I pulled out some snippets from the Bay Islands article:
With all the trade in the region, Bay Islands provided some exotic goods for the native mainland inhabitants. The original Bay Islanders exported stingray spines and seafood to the mainland and in return brought back jade and basalt from the Guatemala area, copper from nearby mainland Honduras and obsidian, cocoa beans and seashells from the Sula valley. Most of these raw materials do not occur naturally on the archipelago. Utila, formed partially from volcanic activity, was an exporter of basalt – an important material used in making grinding stones on the mainland.
Monochrome baked clay bowls with finger stamped decorative patterns have been commonly found on Roatan, Utila and Guanaja. These potsherds are very durable, and provide opportunity to study the Paya ability of decoration and techniques of clay manufacturing. The analysis of the ceramics from Bay Islands and northeast of Honduras indicates that these peoples formed a united cultural region at the time of European arrival.
The pirates were often violent and destructive towards the Paya. They often burned to the ground entire Indian settlements, steeling boats and supplies. Still, with the increase presence of pirates on the Bay Islands, the Spanish came to see the Paya as providing assistance to them not the Honduran mainland. The Spanish came to see the Bay Islands as a place where pirates came to regroup and resupply.
In 1864 Honduran government awarded the Paya legal title to their communal lands. The mestizo population continued to move eastward and engulfed the Paya that now live in only 11 isolated communities surrounded by Garifuna, Miskito and Ladino people. Since the 1950s, loggers and immigrants have continued to exert pressure on the Paya resulting in erasing almost all vestiges of their traditional culture. With around 1,500 Paya surveyed around 990 speaking Pech, but among the 6 to 20 age-group, only half of them speak Pech at all. Even more striking is a report from 1982 that documented only 17 “racially pure” Paya Indians.Paya Indians are considered to be isolationists, proud of their ethnicity and culture, in spite of colonization and assimilation of other indigenous groups. The Paya struggled hard to avoid intermarriage with other cultures. Today greatest concentration of Paya Indians is in the towns of Dulce Nombre de Culmí and Santa María del Carbón in Olancho.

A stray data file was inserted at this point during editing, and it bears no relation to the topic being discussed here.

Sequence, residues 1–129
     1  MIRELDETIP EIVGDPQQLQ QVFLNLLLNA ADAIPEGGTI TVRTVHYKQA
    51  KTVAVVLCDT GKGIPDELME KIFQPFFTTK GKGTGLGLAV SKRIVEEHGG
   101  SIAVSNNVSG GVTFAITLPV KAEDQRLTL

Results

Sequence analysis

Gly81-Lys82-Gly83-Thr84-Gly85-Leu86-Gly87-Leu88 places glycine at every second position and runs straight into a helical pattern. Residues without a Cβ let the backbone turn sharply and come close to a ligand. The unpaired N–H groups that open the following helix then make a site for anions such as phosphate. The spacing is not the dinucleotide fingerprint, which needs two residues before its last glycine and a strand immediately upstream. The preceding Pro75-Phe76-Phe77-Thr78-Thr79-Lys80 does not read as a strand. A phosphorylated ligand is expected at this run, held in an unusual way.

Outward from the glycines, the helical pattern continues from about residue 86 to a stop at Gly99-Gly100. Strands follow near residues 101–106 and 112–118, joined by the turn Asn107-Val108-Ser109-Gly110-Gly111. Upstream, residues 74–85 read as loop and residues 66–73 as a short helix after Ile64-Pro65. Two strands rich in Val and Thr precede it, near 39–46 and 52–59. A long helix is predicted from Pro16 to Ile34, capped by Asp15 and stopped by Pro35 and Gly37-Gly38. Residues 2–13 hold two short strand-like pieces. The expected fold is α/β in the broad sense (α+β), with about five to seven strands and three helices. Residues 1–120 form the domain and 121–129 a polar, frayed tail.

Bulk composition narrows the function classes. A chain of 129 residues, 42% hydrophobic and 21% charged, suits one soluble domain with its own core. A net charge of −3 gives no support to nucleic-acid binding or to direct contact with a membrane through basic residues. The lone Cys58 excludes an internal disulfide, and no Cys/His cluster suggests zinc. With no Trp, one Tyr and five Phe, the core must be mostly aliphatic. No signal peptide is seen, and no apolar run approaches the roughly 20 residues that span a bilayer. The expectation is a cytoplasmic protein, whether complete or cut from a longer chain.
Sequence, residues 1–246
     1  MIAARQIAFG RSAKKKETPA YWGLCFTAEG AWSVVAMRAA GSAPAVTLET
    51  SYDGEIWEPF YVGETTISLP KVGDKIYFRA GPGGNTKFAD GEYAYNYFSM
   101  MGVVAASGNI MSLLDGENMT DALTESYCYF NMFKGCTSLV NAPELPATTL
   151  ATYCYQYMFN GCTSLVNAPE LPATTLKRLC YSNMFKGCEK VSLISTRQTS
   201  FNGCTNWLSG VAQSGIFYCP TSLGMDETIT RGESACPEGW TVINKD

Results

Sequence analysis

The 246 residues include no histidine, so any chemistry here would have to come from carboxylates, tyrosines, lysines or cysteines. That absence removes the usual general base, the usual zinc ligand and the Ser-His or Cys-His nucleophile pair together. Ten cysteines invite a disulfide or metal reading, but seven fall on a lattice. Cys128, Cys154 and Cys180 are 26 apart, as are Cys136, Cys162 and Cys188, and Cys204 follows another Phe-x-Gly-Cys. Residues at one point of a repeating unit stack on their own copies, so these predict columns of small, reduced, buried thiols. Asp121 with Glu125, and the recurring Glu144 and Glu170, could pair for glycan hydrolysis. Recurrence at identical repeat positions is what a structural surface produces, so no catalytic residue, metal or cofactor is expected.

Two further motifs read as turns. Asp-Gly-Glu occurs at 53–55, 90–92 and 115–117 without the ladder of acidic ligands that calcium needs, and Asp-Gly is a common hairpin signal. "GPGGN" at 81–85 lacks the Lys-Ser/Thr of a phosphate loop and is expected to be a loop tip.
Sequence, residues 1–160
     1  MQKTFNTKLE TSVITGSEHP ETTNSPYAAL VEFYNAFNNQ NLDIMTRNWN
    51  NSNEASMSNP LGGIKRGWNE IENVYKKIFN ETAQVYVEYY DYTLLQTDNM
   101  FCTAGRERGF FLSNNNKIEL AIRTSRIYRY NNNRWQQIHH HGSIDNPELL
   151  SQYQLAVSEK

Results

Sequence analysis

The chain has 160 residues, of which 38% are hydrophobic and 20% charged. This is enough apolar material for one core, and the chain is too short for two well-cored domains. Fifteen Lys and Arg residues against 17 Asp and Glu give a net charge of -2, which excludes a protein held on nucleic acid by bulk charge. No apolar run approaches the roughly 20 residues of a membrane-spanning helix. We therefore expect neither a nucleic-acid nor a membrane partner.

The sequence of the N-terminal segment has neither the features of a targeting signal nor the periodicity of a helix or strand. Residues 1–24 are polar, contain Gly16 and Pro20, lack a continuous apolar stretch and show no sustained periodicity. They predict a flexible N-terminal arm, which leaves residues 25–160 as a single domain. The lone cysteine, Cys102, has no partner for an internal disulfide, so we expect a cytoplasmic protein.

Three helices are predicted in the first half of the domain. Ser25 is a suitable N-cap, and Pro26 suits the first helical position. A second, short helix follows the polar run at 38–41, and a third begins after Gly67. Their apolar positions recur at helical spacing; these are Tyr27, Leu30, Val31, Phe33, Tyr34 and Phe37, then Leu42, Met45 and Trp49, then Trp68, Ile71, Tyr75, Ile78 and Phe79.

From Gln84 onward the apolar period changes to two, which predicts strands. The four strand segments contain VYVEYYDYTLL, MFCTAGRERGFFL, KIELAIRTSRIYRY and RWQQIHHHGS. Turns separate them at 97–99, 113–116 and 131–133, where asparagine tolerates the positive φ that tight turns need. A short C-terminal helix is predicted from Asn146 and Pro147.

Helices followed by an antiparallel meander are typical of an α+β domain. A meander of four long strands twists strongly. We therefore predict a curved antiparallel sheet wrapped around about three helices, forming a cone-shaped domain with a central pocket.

The Paya with strongest cultural roots live in the community of Las Marías. They maintain much of the traditional life-style: they continue to catch iguanas by hand, to catch fish with handmade harpoons, and to navigate the waters of the local rivers in dugout canoes. They raise maize, beans, cassava and Opuntia cactus plant on which the cochineal insect feeds, using simple tools.
The future of the Paya doesn’t look great. They are isolated and their culture is engulfed in the homogenizing setting of the Honduran melting pot. In the next decades the remaining Paya could very well disappear like their cousins that once inhabited the Bay Islands.